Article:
Clegg’s Fresh Start for Britain: education, ‘green jobs’, political reform

There’s an in-depth interview with Nick Clegg in today’s Independent trailing the launch later today of ‘A Fresh Start for Britain’, a document outlining the principles on which the Lib Dems will build our general election manifesto.

Here’s how the article starts:

Nick Clegg will today jettison many of the Liberal Democrats’ long-standing policy pledges in an attempt to convince voters they would make the deep spending cuts needed to fill the hole in the public finances.

In an interview with The Independent, Mr Clegg revealed that many of the promises cherished by his party will be downgraded from official policy to “aspirations” since there would be no money to fund them. They are expected to include flagship pledges to scrap university tuition fees, provide free personal care for the elderly, and bring in a higher basic state pension.

The Liberal Democrat leader will ask his party’s conference in September to make firm commitments in just three areas at the general election: a boost for education, the creation of “green jobs”, and constitutional reform.

Here are Nick’s quotes from the interview:

The circumstances are utterly different from anything in the last 15 years. Our shopping list of commitments will be far, far, far, far, far shorter. We will have to ask ourselves some immensely difficult questions about what we as a party can afford. A lot of cherished Lib Dem policies will have to go on the back burner. They will remain our aspirations. They will remain our policies. But we are not going to kid the British people into thinking we could deliver the full list of commitments we have put to them at the last three or four elections.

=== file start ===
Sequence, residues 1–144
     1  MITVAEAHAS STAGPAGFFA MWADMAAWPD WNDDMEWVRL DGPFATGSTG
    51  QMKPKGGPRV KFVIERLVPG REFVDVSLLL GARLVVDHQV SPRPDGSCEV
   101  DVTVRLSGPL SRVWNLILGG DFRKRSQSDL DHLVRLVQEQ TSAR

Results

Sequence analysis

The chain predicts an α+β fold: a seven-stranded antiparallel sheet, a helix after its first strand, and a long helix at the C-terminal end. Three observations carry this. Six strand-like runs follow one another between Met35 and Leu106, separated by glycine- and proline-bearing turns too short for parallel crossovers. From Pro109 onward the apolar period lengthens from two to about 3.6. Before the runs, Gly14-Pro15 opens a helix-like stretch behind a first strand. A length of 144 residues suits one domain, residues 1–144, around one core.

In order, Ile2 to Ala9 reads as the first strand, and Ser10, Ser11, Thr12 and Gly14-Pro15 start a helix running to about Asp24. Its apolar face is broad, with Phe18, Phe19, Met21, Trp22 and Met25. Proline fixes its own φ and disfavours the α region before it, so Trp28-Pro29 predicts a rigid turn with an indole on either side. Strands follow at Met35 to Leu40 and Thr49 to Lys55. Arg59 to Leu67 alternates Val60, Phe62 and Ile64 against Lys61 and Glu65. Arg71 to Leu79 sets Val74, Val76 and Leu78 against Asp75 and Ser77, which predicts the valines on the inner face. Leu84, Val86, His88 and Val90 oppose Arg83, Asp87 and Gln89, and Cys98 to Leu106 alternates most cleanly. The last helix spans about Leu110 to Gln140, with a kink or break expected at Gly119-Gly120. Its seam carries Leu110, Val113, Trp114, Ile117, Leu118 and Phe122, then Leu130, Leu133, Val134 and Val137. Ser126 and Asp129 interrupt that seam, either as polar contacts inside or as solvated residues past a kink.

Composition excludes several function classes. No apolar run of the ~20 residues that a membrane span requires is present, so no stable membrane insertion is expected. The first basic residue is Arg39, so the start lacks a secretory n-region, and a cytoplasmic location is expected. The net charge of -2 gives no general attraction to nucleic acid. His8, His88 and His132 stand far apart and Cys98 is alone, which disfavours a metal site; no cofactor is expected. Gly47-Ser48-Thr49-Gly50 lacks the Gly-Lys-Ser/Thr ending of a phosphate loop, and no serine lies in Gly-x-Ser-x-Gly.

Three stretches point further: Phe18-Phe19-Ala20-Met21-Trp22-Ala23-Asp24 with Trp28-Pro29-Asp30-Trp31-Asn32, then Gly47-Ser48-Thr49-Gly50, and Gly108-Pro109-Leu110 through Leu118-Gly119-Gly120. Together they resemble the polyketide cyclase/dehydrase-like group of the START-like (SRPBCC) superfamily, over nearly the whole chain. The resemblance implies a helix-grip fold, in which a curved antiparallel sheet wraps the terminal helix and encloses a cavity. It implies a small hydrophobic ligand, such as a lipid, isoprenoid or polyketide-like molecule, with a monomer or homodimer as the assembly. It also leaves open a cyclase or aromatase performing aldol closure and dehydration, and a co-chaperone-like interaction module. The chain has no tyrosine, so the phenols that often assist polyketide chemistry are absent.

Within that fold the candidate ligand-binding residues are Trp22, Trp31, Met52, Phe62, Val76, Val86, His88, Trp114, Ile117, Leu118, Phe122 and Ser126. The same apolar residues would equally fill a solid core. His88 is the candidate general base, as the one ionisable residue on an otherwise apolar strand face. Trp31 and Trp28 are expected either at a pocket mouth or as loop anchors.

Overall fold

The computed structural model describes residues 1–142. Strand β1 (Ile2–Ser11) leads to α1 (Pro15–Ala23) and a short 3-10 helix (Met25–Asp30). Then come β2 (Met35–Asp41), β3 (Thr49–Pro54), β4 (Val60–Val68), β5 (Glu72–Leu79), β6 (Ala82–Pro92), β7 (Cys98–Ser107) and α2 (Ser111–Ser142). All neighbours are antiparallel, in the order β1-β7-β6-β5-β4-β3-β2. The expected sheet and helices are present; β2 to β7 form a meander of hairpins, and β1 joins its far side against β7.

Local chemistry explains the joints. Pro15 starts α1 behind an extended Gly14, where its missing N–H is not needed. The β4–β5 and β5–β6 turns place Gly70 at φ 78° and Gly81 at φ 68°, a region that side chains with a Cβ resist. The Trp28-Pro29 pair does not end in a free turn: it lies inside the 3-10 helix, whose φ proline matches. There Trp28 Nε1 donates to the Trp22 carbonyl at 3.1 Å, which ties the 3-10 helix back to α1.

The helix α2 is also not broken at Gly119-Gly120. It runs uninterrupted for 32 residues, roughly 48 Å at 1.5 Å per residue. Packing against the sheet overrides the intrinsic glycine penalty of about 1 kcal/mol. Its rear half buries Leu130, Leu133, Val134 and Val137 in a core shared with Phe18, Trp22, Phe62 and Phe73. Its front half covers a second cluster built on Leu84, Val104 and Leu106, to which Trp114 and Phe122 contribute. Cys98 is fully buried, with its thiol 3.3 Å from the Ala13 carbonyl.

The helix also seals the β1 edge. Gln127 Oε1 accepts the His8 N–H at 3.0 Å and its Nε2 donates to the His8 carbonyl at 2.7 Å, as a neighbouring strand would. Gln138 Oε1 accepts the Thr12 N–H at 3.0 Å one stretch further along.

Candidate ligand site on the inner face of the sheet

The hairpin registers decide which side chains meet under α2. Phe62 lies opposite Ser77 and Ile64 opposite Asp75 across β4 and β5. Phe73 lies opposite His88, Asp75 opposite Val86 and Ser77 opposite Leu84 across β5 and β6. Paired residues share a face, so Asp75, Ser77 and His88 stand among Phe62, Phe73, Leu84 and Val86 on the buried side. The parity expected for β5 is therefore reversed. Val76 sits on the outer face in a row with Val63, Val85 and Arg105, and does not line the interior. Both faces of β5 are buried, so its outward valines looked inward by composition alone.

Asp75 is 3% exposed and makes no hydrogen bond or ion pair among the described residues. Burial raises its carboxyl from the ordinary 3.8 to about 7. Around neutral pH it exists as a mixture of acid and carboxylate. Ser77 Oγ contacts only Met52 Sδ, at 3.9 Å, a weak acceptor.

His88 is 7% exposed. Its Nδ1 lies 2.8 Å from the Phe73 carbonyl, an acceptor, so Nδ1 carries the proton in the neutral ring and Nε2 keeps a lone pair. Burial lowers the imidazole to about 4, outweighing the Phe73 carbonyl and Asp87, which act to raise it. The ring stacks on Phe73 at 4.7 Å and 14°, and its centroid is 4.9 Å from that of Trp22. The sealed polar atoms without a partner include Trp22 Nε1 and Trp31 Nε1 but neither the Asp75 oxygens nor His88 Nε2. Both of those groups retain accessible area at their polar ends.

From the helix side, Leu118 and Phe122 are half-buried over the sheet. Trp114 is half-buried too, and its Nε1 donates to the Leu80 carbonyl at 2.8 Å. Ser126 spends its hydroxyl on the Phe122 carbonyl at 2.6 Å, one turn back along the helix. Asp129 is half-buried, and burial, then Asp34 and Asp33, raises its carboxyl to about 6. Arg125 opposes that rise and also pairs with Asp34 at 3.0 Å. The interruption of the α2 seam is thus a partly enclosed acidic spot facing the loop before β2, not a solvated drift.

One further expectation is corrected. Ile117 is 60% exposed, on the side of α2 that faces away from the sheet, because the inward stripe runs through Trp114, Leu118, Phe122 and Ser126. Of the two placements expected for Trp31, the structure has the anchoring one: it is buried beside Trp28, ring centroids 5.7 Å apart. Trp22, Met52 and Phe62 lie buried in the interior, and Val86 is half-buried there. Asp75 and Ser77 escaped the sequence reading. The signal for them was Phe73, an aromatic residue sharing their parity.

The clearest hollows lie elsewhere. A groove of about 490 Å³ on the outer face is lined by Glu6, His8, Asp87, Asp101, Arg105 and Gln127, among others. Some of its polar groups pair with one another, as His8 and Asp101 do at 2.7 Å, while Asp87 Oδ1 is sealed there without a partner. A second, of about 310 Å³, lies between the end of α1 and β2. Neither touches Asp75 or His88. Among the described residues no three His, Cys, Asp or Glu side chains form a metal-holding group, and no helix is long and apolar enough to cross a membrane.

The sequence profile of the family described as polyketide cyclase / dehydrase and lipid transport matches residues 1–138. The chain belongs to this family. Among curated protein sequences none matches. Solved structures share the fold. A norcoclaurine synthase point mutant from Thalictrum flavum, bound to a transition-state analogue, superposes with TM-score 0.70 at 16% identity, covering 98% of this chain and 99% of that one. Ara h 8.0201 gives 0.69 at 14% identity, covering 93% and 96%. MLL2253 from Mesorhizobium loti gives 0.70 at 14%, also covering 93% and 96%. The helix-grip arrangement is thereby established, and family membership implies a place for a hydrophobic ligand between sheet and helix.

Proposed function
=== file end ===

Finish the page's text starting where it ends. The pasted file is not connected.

“I hope people will understand these are aspirations we will maintain but that, in these completely different circumstances, you can’t carry on promising the same menu of goodies. It is just not plausible. “The blunt truth is that everything is vulnerable. All the aspirations remain. We are setting out the criteria by which the Lib Dems will pick and choose from that menu.

“All parties need to fight the election in a very different set of financial circumstances. We have operated in a period of largesse, when it has been very easy to appear to be generous. We now have a huge structural deficit akin to having fought a major war. If we don’t sort it, we risk further economic meltdown.”

And here’s the Indy’s list of ‘safe’ spending commitments, and those which will be ‘downgraded’ to ‘aspirations’:

Safe policies

* Education £2.5bn “pupil premium” for a million children from disadvantaged backgrounds, smaller classes and extra tuition.

* Tax Raise personal allowance to £10,000, reducing bills for most earners by £705 a year, funded by £17bn package of tax increases including abolition of top-rate tax relief for pension contributions and closing tax loopholes.

* “Green jobs” Package to create zero-carbon homes, insulate existing homes, schools and hospitals, and expand rail network.